NET is a waste of time
hilarious.

C++
good choice but all companies moved away from it years ago.

t. software dev
funny how you deny how most companies now moved to html5, mobile and the cloud.

You literally say that java is a meme when android is hot shit right now.

dumbass.

driving drivers
oh, another autist.

Supergrass
Supergrass

is not a meme.
Funny how i've literally never seen a java job posting before in florida.

You might be able to do some android work with it, but if you need speed you wont be.

The biggest pro of java was the fact it would run litearlly anywhere, which is not the case anymore.

It pays 70K becuase no one wants to maintain 15year old software.

I saw a job posting 6 months ago that was looking for someone with 30+ years of cobol and was starting at 250K.

Are people learning cobol? no its useless in todays world, but if you still know it, you are extremely valuable to someone who needs it, this is why java is making money right now.

funny how you deny how most companies now moved to html5, mobile and the cloud.
yea, meme startups, html5 would be part of the html spec dumbass.

The company i work for literally couldnt use HTML and python to create our product even if we wanted to.
It doesnt work, for a "real" application, but is more than enough for your website that sells shitty etsy items.

good choice but all companies moved away from it years ago.
Try working for a real company, you're fucking halarious.

If you need to create custom hardware, you will be using C++ to communicate with the device.
If you need lots of math done, you will be using C++.

Nothing is as fast as c/c++ except pure ASM.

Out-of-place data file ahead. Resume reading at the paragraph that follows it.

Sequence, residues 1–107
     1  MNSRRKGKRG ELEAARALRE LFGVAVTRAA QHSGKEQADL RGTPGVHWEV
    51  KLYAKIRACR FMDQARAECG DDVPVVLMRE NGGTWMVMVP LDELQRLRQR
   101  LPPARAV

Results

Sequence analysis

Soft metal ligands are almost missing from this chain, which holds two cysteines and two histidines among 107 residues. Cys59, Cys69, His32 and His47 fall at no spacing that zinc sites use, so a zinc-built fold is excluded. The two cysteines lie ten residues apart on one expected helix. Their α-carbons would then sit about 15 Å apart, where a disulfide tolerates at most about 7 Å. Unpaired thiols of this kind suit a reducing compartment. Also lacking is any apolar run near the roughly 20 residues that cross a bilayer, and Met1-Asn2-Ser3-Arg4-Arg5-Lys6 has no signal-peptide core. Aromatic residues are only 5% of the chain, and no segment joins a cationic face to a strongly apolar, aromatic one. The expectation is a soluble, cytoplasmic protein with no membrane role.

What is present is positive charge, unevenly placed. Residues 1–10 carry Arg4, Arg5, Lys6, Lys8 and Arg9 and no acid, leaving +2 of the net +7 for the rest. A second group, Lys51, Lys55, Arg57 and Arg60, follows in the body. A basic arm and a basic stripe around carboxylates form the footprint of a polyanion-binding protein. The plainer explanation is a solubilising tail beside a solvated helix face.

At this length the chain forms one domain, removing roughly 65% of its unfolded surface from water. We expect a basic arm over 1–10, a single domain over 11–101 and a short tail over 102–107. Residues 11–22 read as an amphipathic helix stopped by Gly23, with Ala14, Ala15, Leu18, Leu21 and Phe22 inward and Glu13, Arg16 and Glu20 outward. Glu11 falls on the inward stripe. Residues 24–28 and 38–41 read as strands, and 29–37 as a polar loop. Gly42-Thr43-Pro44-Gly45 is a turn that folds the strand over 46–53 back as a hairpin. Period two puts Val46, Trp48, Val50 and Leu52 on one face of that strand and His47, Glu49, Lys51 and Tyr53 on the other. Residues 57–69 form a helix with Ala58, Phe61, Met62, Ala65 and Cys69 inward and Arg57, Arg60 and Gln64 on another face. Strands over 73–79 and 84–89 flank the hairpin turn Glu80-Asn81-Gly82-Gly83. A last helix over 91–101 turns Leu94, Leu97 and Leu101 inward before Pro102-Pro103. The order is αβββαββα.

Companies are still using C++ for lots of shit, fuck when i worked at grooveshark we had to build a special piece of software to handle all the MP3 tags.

That was written in C++ because none of the scripting languages were fast enough to handle the throughput.

you think windows is written in java?
do you think photoshop is written in java?
do you think slow ass scripting languages are powering IBMs watson?

do you think any company doing real scientific research are using memes like java?
Well i work for one, and no, we dont, its too fucking slow for processing the data we need.

if you want a job that will last you into the future, learn C++.

Need_TLC
Need_TLC

also
I'm self teaching myself to program, have two years self teaching myself java and just trying to get into college.

You can refute my points when you're working for a company that has over a dozen patents, and sued intel (and HP and Dell) and won.

I make 80K writing c++, because its an extremely useful skill, that will be needed well into the future.

college dropout btw

Nude_Bikergirl
Nude_Bikergirl

I don't mean C++ isn't the best language.
I mean java is a safe bet still.
is not a meme language by any means.

viagrandad
viagrandad

Is it a good idea to learn Ruby (on Rails) and to apply specifically for these internships?

The idea is to have less competition. Everyone and his mom is doing Java. And also, I simply like these languages a lot. They finally look line something designed for humans to use.

Garbage Can Lid
Garbage Can Lid

So If I'm currently learning python do you think I should drop it, I touched on c++ and java a long time ago and am thinking about getting back into it. I think c++ will be the way to go for sure. I also want to learn some html and css, I don't know which direction to take I just want to make a decent salary without a college education.

takes2long
takes2long